Kinship and Trust
Strong teams also build a deep camaraderie with underlying loyalty and trust, giving one another the benefit of the doubt when circumstances are challenging. Much like a close-knit family, members of the team share credit and opportunities, reveling in the successes of their teammates and pushing for teammates’ successes as much as for their own. There is joy in one another’s success, encouragement in their challenges, a culture of coming together to help when they struggle, and, underlying it all, a genuine affection for one another. I refer to this deeply loyal and supportive culture as kinship.
Leaders who build kinship fiercely defend their teams, create a sense of community, provide transparency and build trust. They not only build an environment of psychological safety, but go beyond that, encouraging camaraderie, commitment, and trust among members of the team. They share credit and opportunities generously across the team and encourage the team to do so as well. They genuinely care for their teams, ensuring members have strong, respectful relationships and care for one another.
Attribute credit, be cautious with blame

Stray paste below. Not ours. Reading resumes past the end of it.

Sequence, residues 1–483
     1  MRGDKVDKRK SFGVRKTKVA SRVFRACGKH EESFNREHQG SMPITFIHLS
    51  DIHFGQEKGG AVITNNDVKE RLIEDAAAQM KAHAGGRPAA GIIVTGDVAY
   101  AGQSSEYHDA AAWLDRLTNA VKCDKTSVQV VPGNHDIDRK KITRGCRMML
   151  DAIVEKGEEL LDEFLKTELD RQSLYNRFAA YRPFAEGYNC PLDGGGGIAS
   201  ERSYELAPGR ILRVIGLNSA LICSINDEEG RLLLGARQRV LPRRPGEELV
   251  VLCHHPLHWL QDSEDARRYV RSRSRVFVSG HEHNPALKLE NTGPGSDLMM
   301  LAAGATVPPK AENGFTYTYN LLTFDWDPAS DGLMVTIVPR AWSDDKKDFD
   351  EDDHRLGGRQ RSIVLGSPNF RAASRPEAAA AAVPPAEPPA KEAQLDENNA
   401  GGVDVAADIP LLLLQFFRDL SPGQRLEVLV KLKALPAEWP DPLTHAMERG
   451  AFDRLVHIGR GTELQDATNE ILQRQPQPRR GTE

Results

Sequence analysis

Lastly, in order to create a strong sense of community, team members should value and respect one another’s contributions, trust one another, and offer one another the benefit of the doubt in times of uncertainty. When challenges or problems arise they do not blame other team members, instead focusing on working together to solve the problem. They should share credit generously, but when things go wrong both the leader and other team members must resist the opportunity to point fingers, instead allowing the leader and/ or the team as a whole (leader included) to accept responsibility and develop a planned response.
As leaders, we have a great opportunity with our teams. We have the opportunity to nurture our teams, ensuring they are individually and collectively stronger as a result of their shared identity. Yes, we must value each person as an individual, but we must also recognize how important it is that we give them an extraordinary WE that they are proud to belong to as well.
Co-Founder and Chief Strategist
As a former Chief Strategy Officer and veteran operations and strategy consultant for firms including McKinsey & Company, Melissa’s work spans industries and the globe. Melissa has worked with organizations ranging from Fortune 100 companies to non-profits as well as private-equity funded turn-arounds. Melissa facilitates peer networks of senior executives in the digital and technology space through Collaborative Gain’s Councils. Melissa holds a BS in Engineering from MIT, an MBA from Harvard Business School, and a Ph.D. in Values-Driven Leadership, Corporate Social Responsibility, and Sustainability from Benedictine University’s Center for Values-Driven Leadership.